Deep Water Mixing Prevents Harmful Algal Bloom Formation: Implications for Managed Fisheries Refugia
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Inflows affect water quality, food web dynamics, and even the incidence of harmful algal blooms. It may be that inflows can be manipulated to create refuge habitat for biota trying to escape poor environmental conditions, such as fish populations in lakes during times of toxic Prymnesium parvum blooms. Water availability sometimes can be an issue, especially in arid climates, which limits this approach to management. Utilizing source water from deeper depths to displace surface waters, however, might effectively mimic inflow events. I test this notion by conducting in-lake mesocosm experiments with natural plankton communities where I manipulate hydraulic flushing. Results show that P. parvum cell density is reduced by 69%, and ambient toxicity completely ameliorates during pre-bloom conditions in the lake. During conditions of bloom development, population density is reduced by 53%, toxicity by 57%, and bloom proportions are never reached. There is minimal effect of these inflows on total phytoplankton and zooplankton biomass, and little effect on water quality. Shifts toward more rapidly growing phytoplankton taxa are observed, as are enhanced copepod nauplii. In other words, while inflows using deep waters suppress P. parvum bloom initiation and development, they are benign to other aspects of the lower food web and environment. The results from using deep lake water to suppress harmful algal blooms indicate this may be a promising management approach and further studies are recommended to test whether this mitigating effect can translate to a large-scale in-lake treatment.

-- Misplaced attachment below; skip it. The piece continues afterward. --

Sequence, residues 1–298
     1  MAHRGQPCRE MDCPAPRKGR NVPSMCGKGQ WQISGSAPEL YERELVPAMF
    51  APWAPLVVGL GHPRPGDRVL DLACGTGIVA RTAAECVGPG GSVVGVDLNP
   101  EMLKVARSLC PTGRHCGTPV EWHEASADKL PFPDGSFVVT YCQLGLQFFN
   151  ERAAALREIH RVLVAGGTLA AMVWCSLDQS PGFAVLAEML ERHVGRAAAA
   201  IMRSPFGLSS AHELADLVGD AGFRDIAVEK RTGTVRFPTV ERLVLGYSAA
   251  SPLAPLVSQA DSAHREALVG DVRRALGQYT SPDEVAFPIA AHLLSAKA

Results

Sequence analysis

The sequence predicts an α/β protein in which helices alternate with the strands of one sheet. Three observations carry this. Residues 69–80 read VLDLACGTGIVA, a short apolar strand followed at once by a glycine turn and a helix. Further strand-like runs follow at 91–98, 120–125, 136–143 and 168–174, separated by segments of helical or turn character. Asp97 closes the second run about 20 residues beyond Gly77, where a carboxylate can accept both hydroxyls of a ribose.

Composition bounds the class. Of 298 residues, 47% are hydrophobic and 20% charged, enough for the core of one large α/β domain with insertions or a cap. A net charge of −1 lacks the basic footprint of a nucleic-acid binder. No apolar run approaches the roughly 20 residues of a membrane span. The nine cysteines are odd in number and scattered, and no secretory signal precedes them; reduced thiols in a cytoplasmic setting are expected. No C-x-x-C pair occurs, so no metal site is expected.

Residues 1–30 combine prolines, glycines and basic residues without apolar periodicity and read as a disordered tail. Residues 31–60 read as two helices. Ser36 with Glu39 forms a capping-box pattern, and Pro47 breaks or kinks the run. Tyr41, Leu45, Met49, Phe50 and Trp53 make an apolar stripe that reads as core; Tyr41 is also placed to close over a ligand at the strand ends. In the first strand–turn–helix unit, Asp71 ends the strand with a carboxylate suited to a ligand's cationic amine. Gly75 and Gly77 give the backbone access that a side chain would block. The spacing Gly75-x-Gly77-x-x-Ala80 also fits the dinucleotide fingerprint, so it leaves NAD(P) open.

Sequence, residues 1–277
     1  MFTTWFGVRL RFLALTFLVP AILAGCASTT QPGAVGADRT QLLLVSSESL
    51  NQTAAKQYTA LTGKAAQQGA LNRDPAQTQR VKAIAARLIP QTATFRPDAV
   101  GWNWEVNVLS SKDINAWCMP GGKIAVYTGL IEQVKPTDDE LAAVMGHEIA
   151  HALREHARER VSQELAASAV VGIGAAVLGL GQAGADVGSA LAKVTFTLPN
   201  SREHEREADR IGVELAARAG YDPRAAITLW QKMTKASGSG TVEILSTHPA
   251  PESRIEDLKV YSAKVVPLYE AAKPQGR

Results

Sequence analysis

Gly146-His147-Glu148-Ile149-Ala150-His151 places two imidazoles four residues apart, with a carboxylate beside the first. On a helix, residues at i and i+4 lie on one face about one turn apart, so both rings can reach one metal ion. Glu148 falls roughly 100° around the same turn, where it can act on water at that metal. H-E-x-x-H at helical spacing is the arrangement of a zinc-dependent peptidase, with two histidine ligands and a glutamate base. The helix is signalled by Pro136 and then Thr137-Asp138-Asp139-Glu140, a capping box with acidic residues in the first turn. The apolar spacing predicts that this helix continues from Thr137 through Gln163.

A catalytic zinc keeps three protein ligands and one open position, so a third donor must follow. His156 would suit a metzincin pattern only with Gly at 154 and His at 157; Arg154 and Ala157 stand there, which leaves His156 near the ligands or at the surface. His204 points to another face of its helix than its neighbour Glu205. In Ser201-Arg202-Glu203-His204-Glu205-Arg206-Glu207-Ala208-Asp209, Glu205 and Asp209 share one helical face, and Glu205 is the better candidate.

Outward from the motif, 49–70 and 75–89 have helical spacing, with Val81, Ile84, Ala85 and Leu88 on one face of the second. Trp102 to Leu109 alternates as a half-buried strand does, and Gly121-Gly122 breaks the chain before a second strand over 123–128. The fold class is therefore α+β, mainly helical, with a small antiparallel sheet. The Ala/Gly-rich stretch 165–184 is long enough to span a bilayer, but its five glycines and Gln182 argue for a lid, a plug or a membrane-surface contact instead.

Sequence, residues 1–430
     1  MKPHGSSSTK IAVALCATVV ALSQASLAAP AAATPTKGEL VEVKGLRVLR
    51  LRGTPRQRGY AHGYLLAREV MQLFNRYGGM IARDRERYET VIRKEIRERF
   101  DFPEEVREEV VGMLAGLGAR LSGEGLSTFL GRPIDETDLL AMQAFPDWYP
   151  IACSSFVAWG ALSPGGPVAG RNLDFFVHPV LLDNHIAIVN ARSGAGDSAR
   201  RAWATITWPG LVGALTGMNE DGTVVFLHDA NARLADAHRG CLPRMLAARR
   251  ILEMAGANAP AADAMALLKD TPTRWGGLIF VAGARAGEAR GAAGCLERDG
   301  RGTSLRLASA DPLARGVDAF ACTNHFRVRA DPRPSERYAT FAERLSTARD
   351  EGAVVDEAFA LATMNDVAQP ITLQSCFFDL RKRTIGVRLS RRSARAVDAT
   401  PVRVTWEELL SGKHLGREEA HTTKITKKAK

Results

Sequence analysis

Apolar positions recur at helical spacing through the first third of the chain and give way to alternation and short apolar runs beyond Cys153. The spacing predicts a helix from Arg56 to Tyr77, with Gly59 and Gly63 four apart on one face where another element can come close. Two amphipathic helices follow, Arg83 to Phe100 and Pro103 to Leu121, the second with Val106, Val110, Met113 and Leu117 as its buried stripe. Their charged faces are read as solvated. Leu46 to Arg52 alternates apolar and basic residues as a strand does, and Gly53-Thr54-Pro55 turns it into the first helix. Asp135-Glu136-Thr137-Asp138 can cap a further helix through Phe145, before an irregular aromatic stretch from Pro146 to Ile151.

SubjectManaged Fish Population
Harmful Algal Blooms
Hayden, Natanya Jeanne (2011). Deep Water Mixing Prevents Harmful Algal Bloom Formation: Implications for Managed Fisheries Refugia. Master's thesis, Texas A&M University. Available electronically from